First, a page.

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  • Nick Monjo

Yandy Uses Frederick’s Bankruptcy To Crow

Chad Horstman, the founder and CEO of Yandy.com, a leading retailer of intimate apparel, has taken the unusual step of distributing a statement citing the bankruptcy of Frederick’s of Hollywood to promote his own company.


In a press release Horstman had distributed by PR Newswire on April 20, he said the news that Frederick’s had closed all of its stores and that its web business will continue under different owners, “further validates the premise” on which the Yandy online business was founded in 2006. He used the rest of the press release to boast about the success of his own website.


“Consumers are more comfortable shopping for lingerie and intimate apparel online,” declared the Yandy founder, adding that “a fundamental shift in retailing was well under way. Over the past decade, a number of traditional mall retailers have struggled to remain relevant as consumers have changed how they shop at malls and consumers found new ways to engage and identify with brands online.”


The press release claimed that Yandy is now “the country’s largest online retailer of sexy lingerie behind only Victoria’s Secret” as well as having “become known as the leading U.S. e-commerce retailer of adult Halloween costumes.” While choosing not to provide his own financial statements (or any indication of profit or loss) to back up its claims, the Yandy release “did confirm that it had long ago surpassed the $28 million of annual online revenue that Frederick’s is reported to have generated in 2014.”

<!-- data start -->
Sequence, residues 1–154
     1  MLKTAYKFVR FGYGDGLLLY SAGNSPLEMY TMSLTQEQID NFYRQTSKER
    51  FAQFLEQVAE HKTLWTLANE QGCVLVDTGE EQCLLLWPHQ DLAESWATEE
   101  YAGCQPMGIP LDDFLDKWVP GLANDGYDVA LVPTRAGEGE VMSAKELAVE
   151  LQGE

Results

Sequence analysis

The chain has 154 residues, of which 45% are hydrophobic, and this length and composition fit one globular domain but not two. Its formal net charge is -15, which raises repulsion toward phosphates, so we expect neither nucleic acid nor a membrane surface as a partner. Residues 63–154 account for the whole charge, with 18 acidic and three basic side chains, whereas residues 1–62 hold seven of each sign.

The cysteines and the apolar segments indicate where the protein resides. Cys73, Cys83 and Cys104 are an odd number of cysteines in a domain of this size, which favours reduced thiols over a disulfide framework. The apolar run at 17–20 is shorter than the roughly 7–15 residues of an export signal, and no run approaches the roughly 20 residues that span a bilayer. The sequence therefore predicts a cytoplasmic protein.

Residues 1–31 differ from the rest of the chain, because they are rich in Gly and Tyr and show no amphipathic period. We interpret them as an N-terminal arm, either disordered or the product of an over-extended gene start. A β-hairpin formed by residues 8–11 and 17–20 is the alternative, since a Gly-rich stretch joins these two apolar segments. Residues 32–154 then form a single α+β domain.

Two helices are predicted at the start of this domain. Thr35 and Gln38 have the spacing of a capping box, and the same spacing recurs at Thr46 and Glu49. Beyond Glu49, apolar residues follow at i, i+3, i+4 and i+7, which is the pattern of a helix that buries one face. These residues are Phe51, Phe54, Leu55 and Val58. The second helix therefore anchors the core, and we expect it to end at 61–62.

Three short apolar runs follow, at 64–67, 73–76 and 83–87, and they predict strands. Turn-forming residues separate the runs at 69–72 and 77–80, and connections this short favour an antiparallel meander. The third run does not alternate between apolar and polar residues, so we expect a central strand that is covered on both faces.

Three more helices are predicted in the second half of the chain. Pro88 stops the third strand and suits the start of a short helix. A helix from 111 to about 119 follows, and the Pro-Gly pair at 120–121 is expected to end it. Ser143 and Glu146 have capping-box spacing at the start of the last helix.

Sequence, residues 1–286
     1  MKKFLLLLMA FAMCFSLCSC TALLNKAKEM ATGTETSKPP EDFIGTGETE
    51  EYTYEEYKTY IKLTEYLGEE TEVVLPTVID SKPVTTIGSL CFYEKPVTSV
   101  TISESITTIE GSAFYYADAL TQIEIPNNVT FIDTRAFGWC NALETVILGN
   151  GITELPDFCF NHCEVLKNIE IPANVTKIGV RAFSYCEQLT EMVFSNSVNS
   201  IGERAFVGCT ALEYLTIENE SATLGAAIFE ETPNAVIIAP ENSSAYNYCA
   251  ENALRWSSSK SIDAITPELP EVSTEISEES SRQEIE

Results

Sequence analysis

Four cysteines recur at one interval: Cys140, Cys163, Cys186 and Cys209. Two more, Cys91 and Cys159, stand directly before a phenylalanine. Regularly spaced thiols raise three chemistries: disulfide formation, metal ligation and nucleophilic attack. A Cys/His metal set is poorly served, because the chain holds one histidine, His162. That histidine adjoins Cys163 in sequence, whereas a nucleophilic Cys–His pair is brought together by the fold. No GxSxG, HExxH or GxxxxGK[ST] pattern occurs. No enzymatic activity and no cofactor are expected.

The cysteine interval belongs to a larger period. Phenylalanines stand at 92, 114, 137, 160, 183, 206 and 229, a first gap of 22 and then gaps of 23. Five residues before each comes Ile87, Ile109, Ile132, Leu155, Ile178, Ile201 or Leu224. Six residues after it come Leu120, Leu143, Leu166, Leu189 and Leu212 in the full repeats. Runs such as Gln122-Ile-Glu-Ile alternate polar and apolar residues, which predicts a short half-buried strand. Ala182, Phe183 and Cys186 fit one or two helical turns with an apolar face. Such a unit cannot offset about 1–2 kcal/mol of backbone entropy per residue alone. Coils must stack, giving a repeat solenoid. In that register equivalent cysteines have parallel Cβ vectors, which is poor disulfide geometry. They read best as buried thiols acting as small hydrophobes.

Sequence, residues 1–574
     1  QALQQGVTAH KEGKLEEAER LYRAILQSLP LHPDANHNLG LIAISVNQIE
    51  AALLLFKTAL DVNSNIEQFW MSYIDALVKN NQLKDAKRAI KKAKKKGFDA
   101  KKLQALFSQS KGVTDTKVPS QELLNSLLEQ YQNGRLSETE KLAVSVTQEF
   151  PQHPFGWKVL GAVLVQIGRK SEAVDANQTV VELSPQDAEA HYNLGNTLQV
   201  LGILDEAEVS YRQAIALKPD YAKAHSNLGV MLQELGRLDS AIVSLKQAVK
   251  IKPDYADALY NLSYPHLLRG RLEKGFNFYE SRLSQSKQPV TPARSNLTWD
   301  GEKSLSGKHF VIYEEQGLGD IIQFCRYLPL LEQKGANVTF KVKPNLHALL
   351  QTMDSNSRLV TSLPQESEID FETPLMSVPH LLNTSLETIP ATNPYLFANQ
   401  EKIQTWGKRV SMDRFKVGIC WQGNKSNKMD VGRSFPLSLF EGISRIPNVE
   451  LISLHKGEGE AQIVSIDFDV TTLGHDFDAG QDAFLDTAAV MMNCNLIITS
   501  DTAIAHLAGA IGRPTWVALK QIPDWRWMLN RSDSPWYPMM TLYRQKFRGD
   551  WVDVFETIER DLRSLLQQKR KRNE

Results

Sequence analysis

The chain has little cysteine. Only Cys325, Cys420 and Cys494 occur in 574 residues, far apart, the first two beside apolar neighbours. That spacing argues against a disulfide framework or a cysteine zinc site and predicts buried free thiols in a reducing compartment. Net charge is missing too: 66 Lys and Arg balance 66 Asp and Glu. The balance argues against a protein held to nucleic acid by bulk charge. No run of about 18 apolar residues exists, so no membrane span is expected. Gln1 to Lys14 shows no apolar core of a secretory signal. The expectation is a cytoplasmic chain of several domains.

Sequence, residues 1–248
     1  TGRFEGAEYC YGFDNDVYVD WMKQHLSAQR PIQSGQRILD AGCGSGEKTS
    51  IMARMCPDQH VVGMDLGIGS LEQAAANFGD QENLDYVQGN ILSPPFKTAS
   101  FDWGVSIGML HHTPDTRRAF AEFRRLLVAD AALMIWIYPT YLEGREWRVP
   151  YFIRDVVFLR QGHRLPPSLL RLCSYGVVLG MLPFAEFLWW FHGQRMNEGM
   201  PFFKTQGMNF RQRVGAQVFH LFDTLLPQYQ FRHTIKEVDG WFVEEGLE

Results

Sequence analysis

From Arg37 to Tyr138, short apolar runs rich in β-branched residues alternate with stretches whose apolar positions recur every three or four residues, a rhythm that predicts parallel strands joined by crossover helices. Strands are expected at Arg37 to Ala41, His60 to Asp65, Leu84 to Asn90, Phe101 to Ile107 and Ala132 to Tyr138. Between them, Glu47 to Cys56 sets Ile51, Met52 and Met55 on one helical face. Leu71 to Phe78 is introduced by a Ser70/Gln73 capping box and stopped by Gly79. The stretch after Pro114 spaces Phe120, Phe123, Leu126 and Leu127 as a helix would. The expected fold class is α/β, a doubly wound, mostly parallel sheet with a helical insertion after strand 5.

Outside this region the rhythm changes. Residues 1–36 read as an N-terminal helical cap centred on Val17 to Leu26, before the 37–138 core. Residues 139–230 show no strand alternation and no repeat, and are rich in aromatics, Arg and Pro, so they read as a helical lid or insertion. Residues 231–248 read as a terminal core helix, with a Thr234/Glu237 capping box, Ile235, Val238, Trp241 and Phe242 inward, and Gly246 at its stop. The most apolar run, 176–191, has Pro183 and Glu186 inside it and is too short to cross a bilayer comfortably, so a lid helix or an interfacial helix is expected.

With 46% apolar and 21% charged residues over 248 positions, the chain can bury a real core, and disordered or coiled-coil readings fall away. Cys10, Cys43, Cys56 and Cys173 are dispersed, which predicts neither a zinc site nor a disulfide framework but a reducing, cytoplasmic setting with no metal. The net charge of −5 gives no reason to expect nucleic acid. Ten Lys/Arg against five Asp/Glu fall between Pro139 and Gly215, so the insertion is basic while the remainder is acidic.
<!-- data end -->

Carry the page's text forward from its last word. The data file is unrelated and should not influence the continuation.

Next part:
In 2014 Victoria’s Secret’s “direct” sales (which are composed of the business it does outside of its stores, from its websites and catalogs), totaled $1,507,000,000 according to parent company L Brands’ annual report. Or over 53 times the figure cited by the Yandy CEO.


Horstman continued his personal statement noting, “Unlike the brick-and-mortar approach that Frederick’s was built on many years ago, e-commerce affords us numerous advantages over traditional retailers ranging from sophisticated consumer engagement and customization to superior speed and pricing, which form the pillars of exceptional customer service that our clientele expect and rely upon. Combined with the intimate nature of a product like lingerie, it is no surprise that Yandy and the online channel generally have continued to take significant market share from brick-&-mortar retailers, a trend that has only accelerated in recent years and shows no signs of slowing down.”


Of course, the recent bankruptcy certainly does confirm one portion of Horstman’s postulate: the only portion of Frederick’s of Hollywood, founded in 1947, that is now guaranteed to survive is the online business. Authentic Brands Group has already bid $22.5 million to run the Frederick’s website (as well as for inventory and licensing rights).


But at Victoria’s Secret, the retail shops are still going strong. Net sales at its brick and mortar stores in the U.S. and Canada rose by $332 million from 2013 to 2014, to total $5.7 billion last year. And instead of closing stores, Victoria’s Secret has said it will open 26 new locations in the U.S. and Canada in 2015. And many more of its stores will open overseas this year.

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